- The U.S. Department of Energy on Tuesday published a pair of requests for information (RFI) in the Federal Register, seeking public comment on how the electric grid and oil and gas pipelines can be made more resilient to severe weather events like windstorms, floods, wildfires and other disasters.
- DOE said the information it gleans could be used to structure future agency programs, and any gaps it uncovers may be addressed through targeted research and development along with emergency preparedness actions by government agencies and the private sector.
- Electric utilities have turned to grid modernization, automation and enhanced recovery strategies to improve storm recovery times in the last decade. An ICF report last year on the nation's pipeline system found room for improvement but concluded backup gas-fired generation can play a major role in energy resiliency.
DOE wants to find "cost-effective" ways to make electric infrastructure systems more resilient against severe weather events, and to guard oil and gas infrastructure against cyber and physical threats as well.
"Concern among government agencies, utilities, and the public about the risks presented by more frequent and more severe weather events has led to widespread discussion about how to make electric infrastructure systems more resilient against such hazards, and how to do so effectively and at reasonable cost," DOE said in its electric grid RFI. "This is challenging to do, however, given the many uncertainties and variables associated with weather-related events."
DOE said it is looking to gather available information on current "consensus-based codes, specifications, standards, and other forms of guidance," for improving the resilience of electric systems.
The inquiry includes both the design and operation of these systems. DOE said it is interested in specific technical design standards, relevant corporate business practices and analytic methods and tools for estimating the possible economic benefits from "strategies, investments, or initiatives to enhance power system resilience."
The oil and gas RFI notes that those industries have been working for years to develop a culture of resilience, but added that "at present there is no settled body of expert knowledge about requirements and practices for enhancing the resilience of these systems."
RFI responses are due 45 days after publication in the Federal Register.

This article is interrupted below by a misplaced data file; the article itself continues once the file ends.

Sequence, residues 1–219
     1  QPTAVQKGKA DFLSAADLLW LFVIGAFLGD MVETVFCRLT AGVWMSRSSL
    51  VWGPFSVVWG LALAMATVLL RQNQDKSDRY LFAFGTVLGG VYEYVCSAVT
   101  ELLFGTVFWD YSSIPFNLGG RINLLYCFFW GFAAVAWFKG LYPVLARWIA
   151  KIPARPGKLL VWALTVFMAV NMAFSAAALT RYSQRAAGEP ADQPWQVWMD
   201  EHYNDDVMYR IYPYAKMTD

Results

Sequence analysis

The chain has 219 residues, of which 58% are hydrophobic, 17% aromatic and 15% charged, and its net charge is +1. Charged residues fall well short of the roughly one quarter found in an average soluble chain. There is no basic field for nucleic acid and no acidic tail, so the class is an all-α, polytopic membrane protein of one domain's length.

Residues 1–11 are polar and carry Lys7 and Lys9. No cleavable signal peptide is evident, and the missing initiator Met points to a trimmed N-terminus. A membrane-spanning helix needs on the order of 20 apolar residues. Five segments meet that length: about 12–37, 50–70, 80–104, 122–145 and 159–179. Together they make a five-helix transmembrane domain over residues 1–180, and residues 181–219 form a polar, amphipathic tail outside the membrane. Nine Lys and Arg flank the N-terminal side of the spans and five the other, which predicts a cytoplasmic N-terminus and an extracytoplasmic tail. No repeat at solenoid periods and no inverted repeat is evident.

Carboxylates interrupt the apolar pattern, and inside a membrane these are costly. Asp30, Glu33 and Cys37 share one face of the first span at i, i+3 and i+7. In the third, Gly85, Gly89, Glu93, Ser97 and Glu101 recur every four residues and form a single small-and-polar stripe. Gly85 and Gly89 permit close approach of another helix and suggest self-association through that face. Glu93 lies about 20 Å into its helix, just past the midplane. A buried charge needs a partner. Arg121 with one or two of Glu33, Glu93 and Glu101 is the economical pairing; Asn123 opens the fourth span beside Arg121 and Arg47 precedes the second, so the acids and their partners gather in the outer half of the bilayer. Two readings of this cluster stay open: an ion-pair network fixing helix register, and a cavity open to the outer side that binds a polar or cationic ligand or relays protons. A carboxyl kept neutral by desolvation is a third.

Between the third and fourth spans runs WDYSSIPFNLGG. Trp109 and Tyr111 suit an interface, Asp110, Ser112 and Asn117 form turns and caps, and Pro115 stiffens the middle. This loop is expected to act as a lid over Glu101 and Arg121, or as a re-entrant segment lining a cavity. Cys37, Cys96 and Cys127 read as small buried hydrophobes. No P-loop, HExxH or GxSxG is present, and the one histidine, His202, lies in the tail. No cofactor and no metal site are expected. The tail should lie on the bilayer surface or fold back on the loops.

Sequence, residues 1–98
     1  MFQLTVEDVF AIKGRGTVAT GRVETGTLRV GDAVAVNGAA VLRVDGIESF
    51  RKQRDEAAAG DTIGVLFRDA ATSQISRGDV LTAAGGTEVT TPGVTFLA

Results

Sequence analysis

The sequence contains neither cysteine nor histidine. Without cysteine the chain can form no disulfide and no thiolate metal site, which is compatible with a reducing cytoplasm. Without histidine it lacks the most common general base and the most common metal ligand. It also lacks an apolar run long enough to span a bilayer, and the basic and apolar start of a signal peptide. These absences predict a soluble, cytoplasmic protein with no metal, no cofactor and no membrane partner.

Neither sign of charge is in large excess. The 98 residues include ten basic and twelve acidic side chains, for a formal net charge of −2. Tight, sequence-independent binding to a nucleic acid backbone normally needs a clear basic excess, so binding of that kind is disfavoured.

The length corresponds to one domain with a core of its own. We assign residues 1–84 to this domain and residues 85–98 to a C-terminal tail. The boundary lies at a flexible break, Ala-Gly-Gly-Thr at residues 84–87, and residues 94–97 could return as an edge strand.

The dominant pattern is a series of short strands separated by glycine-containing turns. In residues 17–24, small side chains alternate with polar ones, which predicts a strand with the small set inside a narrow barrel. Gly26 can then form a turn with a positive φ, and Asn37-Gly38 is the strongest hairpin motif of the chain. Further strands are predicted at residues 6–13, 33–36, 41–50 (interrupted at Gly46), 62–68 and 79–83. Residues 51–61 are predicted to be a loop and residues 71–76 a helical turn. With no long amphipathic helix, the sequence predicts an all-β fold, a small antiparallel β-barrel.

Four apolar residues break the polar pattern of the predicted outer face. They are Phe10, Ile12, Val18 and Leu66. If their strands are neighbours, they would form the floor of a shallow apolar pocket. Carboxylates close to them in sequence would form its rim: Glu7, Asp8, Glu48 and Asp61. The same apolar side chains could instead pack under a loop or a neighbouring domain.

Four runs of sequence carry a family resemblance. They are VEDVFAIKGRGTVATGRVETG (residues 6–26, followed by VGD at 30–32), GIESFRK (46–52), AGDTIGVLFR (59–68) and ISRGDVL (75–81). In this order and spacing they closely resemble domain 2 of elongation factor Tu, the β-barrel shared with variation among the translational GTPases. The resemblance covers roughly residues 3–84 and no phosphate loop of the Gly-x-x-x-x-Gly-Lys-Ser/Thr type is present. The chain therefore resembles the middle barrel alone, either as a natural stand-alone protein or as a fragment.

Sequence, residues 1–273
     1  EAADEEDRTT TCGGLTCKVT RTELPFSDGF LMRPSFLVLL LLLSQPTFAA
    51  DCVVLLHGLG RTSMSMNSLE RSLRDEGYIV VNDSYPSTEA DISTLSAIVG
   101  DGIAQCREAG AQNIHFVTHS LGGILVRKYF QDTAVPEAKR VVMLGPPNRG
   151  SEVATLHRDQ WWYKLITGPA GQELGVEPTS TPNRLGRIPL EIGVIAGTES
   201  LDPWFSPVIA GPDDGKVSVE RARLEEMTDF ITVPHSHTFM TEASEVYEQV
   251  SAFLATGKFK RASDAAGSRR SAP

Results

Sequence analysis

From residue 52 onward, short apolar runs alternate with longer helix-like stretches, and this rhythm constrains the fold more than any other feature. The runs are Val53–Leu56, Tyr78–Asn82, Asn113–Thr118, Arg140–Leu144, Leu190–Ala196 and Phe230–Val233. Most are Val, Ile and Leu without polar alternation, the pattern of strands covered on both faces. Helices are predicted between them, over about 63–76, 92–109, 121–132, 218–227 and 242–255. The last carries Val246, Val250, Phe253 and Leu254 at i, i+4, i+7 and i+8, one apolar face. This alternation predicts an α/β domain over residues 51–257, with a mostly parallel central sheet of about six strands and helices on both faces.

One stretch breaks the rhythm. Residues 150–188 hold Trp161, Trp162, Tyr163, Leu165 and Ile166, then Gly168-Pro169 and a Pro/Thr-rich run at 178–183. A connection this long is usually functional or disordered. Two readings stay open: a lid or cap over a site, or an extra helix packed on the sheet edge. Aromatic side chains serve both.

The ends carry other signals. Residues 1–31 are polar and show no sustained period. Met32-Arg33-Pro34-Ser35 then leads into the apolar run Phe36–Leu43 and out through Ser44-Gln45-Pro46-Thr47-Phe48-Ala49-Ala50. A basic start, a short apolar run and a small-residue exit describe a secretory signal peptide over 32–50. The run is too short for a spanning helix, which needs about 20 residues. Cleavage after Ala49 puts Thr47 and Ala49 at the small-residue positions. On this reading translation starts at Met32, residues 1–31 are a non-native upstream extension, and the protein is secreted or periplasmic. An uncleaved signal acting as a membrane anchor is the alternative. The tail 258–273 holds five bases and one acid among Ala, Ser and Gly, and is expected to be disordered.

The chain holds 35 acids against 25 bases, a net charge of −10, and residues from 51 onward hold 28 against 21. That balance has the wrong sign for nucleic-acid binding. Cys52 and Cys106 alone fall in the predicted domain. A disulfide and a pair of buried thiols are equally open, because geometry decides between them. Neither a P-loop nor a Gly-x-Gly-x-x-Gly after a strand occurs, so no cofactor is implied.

In the electric sector, power companies are susceptible to tornadoes, hurricanes, wildfires, nor-easters, earthquakes or mud slides, depending on the region. Pipelines are more resilient in some scenarios because the infrastructure tends to be underground.
ICF's report last year on pipeline resilience recommended utilities sub-divide their gas systems so that when service isolation is necessary, it can be done on a more granular level.
Electric utilities facing severe weather have turned to storm hardening efforts, like upgrading utility poles, as well as automated grid management technologies to speed recovery.
Florida Power & Light is one example of the utility sector responding to growing storm threats. When Hurricane Wilma struck Florida in 2005, it took more than two weeks for FPL to return power to 95% of customers. When Hurricane Irma hit in 2017, affecting more than 4.4 million customers, it took the utility less than a week to reach that recovery milestone.
The industry has also revamped how utilities coordinate mutual assistance, allowing more workers to quickly repair downed lines.
In California, utilities are struggling to deal with wildfires and this year new state laws required updated mitigation proposals and gave power companies new tools. As a result, Pacific Gas & Electric last month, for the first time, proactively de-energized portions of its grid during a high wind event, to reduce the risk of sparking a fire.
"There are regional specific differences between all areas of the country, across all manner of threats," Scott Aaronson, vice president of security and preparedness for the Edison Electric Institute, told Utility Dive. "The common theme is, it's better to prepare for the worst than to be caught flat footed."